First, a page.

1 Emirates, at 30, is ‘fastest-growing’ airline (Sadiq Shaban in Khaleej Times) Emirates airline, launched in October 1985 with first flights to Karachi and Mumbai, is now one of the world’s biggest international carriers, flying to more than 140 destinations around the globe.
The transition from a regional airline that started off with a leased Boeing 737 and an Airbus 300 B4 to a global behemoth in terms of revenue has been truly spectacular. Three decades on, Emirates has grown in both scale and stature. It is now the largest airline in the Middle East in terms of revenue, fleet size and passengers carried.
Subsidiary of the Emirates Group, which is wholly owned by the Investment Corporation of Dubai, Emirates operates over 1,500 flights per week from Dubai International Airport. With a fleet of more than 230 aircraft, it currently flies to more than 80 countries.
As one of the most profitable airlines in the world, it announced its 27th consecutive year of profit earlier this year. The Emirates Group recorded its second highest profit of Dh5.5 billion. The airlines created history in 2007 by announcing a historic civil aviation aircraft order for 120 Airbus A350s, 11 A380s, and 12 Boeing 777-300ERs, worth an estimated $34.9 billion at the Dubai Airshow.
Three years later, in line with the airline’s strategic growth plan, Emirates significantly hiked its orders for new aircraft. During the Berlin Airshow, Emirates announced an order for 32 Airbus A380s. Subsequently at the Farnborough Airshow, 30 more Boeing 777-300ERs were added to the list, taking the combined value to a whopping $13.4 billion.
During the financial year 2013/2014, Emirates carried 44.5 million passengers and 2.25 million tonnes of cargo. More than 76,000 customers travelled on a single day – September 18 – with Emirates, according to the airline’s booking figures. The overall figure represented a 65 per cent growth from last year. Employing more than 62,000 people across 50 business units and associated firms, it is one of the biggest employers in the region. http://khaleejtimes.com/business/aviation/emirates-is-the-fastest-growing-airline-in-the-world
2 Fifth of UK adults stuck with parents until 26 (Hilary Osborne in The Guardian) It has been dubbed the hotel of mum and dad but few guesthouses have such favourable terms. As the housing crisis bites, a fifth of young adults are staying in the family home until they are at least 26, and the same proportion are not paying a penny towards their keep.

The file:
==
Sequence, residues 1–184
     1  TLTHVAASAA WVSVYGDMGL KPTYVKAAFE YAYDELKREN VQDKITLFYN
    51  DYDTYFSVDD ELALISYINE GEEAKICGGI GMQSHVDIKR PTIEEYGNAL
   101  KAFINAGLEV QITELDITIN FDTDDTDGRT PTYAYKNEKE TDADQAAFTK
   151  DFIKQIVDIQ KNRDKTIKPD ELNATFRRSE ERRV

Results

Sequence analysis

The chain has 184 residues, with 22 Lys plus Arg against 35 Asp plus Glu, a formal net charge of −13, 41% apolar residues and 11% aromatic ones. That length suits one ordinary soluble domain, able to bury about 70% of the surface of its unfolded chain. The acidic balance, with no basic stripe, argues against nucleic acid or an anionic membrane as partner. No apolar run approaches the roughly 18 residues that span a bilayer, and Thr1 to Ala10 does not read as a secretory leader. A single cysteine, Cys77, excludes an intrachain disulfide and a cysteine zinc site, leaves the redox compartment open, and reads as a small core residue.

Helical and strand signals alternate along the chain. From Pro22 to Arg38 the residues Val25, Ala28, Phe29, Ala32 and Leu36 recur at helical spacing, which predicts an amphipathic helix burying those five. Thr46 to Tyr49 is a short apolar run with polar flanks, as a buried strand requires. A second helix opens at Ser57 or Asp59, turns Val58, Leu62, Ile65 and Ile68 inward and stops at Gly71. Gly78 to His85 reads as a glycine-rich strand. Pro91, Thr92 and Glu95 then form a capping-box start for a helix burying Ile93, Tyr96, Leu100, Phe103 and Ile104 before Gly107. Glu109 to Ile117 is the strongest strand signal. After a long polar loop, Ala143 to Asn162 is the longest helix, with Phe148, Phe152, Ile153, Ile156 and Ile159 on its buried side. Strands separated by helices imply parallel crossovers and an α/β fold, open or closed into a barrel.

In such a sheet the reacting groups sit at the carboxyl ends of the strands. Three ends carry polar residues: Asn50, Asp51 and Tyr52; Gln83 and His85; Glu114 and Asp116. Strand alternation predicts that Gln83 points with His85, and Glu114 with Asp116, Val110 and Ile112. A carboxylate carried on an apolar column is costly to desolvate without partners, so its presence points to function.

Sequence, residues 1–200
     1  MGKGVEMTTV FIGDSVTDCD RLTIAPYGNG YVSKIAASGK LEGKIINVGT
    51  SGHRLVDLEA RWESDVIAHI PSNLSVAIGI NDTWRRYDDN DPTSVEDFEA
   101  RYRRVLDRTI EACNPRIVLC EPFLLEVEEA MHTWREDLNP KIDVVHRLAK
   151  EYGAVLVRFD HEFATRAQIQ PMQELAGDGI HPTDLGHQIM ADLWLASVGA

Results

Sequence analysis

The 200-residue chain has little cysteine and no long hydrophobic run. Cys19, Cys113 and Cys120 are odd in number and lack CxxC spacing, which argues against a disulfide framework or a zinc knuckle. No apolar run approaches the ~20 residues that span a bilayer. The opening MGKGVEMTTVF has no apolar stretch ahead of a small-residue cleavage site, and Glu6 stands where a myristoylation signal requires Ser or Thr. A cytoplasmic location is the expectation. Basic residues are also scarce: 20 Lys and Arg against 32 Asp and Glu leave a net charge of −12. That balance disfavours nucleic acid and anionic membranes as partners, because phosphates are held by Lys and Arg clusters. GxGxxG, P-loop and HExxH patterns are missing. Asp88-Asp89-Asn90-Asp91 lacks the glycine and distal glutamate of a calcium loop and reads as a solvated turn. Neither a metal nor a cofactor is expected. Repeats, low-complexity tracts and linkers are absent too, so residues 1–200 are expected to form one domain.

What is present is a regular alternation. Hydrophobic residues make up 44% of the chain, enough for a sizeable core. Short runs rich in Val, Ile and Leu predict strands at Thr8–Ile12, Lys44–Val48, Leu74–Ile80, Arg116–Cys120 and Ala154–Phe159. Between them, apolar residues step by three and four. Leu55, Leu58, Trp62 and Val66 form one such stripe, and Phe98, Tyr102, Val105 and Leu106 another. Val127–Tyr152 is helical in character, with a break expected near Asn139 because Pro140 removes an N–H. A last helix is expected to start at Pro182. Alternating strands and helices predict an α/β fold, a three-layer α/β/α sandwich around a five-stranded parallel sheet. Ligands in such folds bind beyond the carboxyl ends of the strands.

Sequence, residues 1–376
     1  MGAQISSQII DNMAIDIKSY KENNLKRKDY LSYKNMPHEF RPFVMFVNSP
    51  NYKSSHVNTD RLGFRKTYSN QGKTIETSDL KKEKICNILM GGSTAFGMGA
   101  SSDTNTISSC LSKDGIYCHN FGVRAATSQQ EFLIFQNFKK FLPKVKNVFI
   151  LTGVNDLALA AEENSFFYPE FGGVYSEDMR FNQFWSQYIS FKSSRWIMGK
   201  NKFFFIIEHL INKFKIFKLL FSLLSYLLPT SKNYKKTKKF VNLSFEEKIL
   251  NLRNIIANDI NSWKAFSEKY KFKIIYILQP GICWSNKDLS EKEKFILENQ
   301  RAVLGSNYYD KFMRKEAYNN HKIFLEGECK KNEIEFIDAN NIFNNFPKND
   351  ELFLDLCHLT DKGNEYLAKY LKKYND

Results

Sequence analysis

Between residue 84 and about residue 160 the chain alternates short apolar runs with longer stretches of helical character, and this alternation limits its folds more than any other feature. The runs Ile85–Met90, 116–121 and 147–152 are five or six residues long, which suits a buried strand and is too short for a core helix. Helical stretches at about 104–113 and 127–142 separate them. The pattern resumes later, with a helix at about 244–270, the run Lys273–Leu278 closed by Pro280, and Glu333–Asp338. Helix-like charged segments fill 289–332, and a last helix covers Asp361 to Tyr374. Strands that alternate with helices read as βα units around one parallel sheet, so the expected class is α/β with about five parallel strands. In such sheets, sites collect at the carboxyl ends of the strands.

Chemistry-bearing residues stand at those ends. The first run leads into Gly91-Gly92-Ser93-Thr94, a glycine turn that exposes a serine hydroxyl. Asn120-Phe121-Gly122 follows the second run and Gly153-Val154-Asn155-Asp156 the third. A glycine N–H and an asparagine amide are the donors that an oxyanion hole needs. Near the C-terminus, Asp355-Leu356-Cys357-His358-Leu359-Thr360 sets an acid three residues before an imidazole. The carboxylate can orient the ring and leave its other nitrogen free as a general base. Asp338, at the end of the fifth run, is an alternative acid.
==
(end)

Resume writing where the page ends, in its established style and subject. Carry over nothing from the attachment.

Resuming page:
A survey by Nationwide, the building society, found that the proportion of adults living at home varied around the country, from just under 9% in the east Midlands, to more than double that in London, where house prices and rents are highest. While many around the country contributed financially, it found that 20% were paying nothing at all.
Young adults are being squeezed by low wages and rents which have hit record highs, while those who want to buy a property are finding the monthly cost of renting is preventing them saving enough to get on the housing ladder. Research published by the homeless charity Shelter showed half of tenants were unable to save a penny towards a deposit, while a quarter could only put by £100 or less each month.
Faced with this, young adults are increasingly returning to the family home in order to save money, and parents who cannot afford to offer their offspring a lump sum seem willing to help. Nationwide’s survey found that 28% of adults were living at home because they were trying to save a deposit. However, it also found that 30% were not saving any money.
A Nationwide spokesman said: “The hotel of mum and dad is often staying open for longer than many anticipated. Rental costs and deposits or the need to save for a mortgage deposit mean that some children understandably have to wait before flying the nest. And, for some, moving out may never be an option.”
3 Making the most of your break (Lisa Evans in San Francisco Chronicle) It may seem counter-intuitive to busy entrepreneurs, but research shows the best way to improve your productivity is to stop working. While managers have long complained that employees take too many breaks and should be working harder and longer, studies are now showing that breaks hold the key to improved productivity.
According to a recent study published in the Journal of Applied Psychology, by Emily Hunter and Cindy Wu, associate professors of Management at Baylor University, breaks not only help to prevent burnout, but increase feelings of job satisfaction and helpfulness at work.
But there are right and wrong ways to take a break. Here’s how to get the most out of your break time: Aim for a mid-morning break. Waiting for that 3pm slump to take your first break isn’t going to yield great results, according to Hunter and Wu. Their research found the best time of day to take a break was mid-morning.
Do something that you like. Their study revealed the best way to enjoy a break is to do an activity that you prefer to do, whether that means calling your mom or catching up on Facebook. And third, there’s no set number of breaks. Although some experts claim breaks work best when taken every hour, Hunter and Wu didn’t find this was necessarily the case.
While some individuals thrive off taking one long break, others find their productivity soars when they take frequent small breaks. Finding that sweet spot may take some trial-and-error, but Hunter warns, it’s important not to wait until you’re completely exhausted before taking a break.